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IMF points to divergence of views on RBI forex interventions

IMF suggests RBI excessively interfered in forex market, but central bank says it intervenes to curb excessive exchange rate volatility

IMF points to divergence of views on RBI forex interventions
[Source photo: Chetan Jha/Press Insider]

India’s exchange rate flexibility should remain the first line of defense in absorbing external shocks, with forex interventions limited to addressing disorderly market conditions, the International Monetary Fund (IMF) has said.

The IMF made the observation following the conclusion of its annual Article IV consultations with top Indian officials.

Under Article IV of its Articles of Agreement, an IMF staff team visits member countries every year to collect economic and financial information, and discuss with officials the country’s economic developments and policies. Following the team’s return to the headquarters, the staff prepares a report, which forms the basis for discussion by the executive board.

In its report, IMF said that between December 2019 and November 2022, the rupee had depreciated by about 15% against the dollar. However, over the past year, improved domestic macroeconomic stability, supported by tightening monetary policy, have helped attract capital inflows.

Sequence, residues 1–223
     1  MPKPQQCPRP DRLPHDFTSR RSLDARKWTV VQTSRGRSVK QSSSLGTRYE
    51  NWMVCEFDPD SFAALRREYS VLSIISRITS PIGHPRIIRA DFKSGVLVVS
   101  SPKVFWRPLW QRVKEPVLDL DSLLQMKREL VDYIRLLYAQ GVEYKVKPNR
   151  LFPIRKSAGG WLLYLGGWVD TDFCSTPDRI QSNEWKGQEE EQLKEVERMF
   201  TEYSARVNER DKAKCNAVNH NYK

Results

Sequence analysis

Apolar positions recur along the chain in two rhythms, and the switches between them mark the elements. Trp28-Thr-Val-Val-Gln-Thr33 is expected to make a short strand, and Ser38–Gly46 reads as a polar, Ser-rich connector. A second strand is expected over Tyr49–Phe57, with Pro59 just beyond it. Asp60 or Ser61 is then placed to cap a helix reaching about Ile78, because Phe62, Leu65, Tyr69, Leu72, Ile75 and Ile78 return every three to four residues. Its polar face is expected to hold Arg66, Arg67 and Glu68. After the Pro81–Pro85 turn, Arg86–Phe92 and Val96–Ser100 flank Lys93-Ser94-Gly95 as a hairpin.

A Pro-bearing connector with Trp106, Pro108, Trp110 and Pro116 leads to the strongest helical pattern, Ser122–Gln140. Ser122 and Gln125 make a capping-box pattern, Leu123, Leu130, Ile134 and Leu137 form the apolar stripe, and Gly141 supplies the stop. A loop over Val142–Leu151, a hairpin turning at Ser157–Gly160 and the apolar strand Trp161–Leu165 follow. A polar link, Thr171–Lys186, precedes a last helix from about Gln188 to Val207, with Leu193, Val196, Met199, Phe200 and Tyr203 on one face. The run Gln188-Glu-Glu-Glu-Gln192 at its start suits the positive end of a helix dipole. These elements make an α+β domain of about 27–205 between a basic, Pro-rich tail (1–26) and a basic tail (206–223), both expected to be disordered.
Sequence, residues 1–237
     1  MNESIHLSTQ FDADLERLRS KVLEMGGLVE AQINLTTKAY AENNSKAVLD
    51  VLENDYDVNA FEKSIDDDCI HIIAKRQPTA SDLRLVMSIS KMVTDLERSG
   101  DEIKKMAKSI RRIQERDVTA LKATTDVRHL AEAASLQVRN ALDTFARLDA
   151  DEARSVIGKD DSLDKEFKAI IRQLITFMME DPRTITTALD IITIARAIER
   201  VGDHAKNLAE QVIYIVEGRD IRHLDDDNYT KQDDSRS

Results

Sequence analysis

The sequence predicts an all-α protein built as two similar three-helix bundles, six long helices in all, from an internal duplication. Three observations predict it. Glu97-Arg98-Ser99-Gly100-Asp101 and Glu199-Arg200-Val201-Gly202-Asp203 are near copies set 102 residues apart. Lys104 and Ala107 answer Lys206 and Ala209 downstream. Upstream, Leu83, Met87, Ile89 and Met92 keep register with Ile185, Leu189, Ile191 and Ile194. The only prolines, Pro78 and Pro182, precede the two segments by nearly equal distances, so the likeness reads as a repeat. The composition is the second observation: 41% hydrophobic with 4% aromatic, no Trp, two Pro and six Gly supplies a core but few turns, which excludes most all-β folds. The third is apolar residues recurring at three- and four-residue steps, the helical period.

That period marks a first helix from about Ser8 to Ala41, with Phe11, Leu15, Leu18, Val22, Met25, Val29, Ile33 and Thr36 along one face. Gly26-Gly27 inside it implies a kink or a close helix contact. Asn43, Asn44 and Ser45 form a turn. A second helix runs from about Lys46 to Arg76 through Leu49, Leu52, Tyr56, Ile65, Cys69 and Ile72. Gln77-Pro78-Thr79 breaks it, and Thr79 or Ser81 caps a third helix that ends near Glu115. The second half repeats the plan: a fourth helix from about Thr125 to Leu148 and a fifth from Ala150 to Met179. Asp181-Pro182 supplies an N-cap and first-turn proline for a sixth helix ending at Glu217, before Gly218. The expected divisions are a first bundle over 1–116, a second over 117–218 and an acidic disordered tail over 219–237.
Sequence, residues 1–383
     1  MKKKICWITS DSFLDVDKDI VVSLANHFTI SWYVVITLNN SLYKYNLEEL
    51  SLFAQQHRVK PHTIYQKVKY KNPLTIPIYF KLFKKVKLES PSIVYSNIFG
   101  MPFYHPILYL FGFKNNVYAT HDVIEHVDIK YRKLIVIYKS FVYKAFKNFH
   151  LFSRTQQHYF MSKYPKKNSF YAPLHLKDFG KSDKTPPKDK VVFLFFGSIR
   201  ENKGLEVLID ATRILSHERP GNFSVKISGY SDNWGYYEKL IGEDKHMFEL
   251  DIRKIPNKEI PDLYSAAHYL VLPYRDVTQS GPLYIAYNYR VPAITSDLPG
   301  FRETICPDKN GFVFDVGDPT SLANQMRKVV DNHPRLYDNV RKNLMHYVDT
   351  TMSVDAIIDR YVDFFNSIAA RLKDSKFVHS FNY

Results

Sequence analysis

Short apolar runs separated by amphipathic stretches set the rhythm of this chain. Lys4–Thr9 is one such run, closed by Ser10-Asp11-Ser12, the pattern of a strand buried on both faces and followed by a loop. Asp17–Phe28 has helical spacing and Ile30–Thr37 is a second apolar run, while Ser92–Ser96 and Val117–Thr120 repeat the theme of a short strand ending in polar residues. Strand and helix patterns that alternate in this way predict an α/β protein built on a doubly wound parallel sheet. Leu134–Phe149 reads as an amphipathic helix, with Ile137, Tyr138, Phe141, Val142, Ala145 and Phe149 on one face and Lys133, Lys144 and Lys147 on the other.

“But based on FXI (foreign exchange intervention) data that RBI publishes on a monthly basis, RBI has been using FXI to cushion the impact of external shocks, smooth market volatility, preclude emergence of disorderly market conditions, and opportunistically replenish its FX reserves,” IMF said in the report.

During December2022-October 2023, the rupee-dollar exchange rates moved within a very narrow range, suggesting that “FXI likely exceeded levels necessary to address disorderly market conditions.”

“The observed stability of the exchange rate prompted staff to reclassify India’s de facto exchange rate regime from ‘floating’ to ‘stabilized arrangement’ for that period, while the de jure classification remained ‘floating’,” IMF said.

A “stabilized exchange rate regime” refers to a situation where a country’s central bank actively intervenes in the forex market to keep the exchange rate relatively stable, as opposed to letting it fluctuate freely based on market forces.

“FX reserves are assessed at just above 100% of the IMF composite reserve adequacy metric for a stabilized exchange rate regime,” the report said, implying India’s forex reserves are more than sufficient according to international standards.

Going forward, a flexible exchange rate should act as the first line of defense in absorbing external shocks, the report added, suggesting that India should rely primarily on allowing its exchange rate to adjust naturally in response to external economic pressures, rather than heavily using its foreign exchange reserves or other interventions.

On its staff’s recent reclassification of India’s de facto exchange rate regime for the period December 2022 to October 2023, IMF said that “many of its directors noted the divergence of authorities’ views with that of staff and encouraged continued staff engagement on this issue, with a few directors encouraging staff and the authorities to resolve these differences.”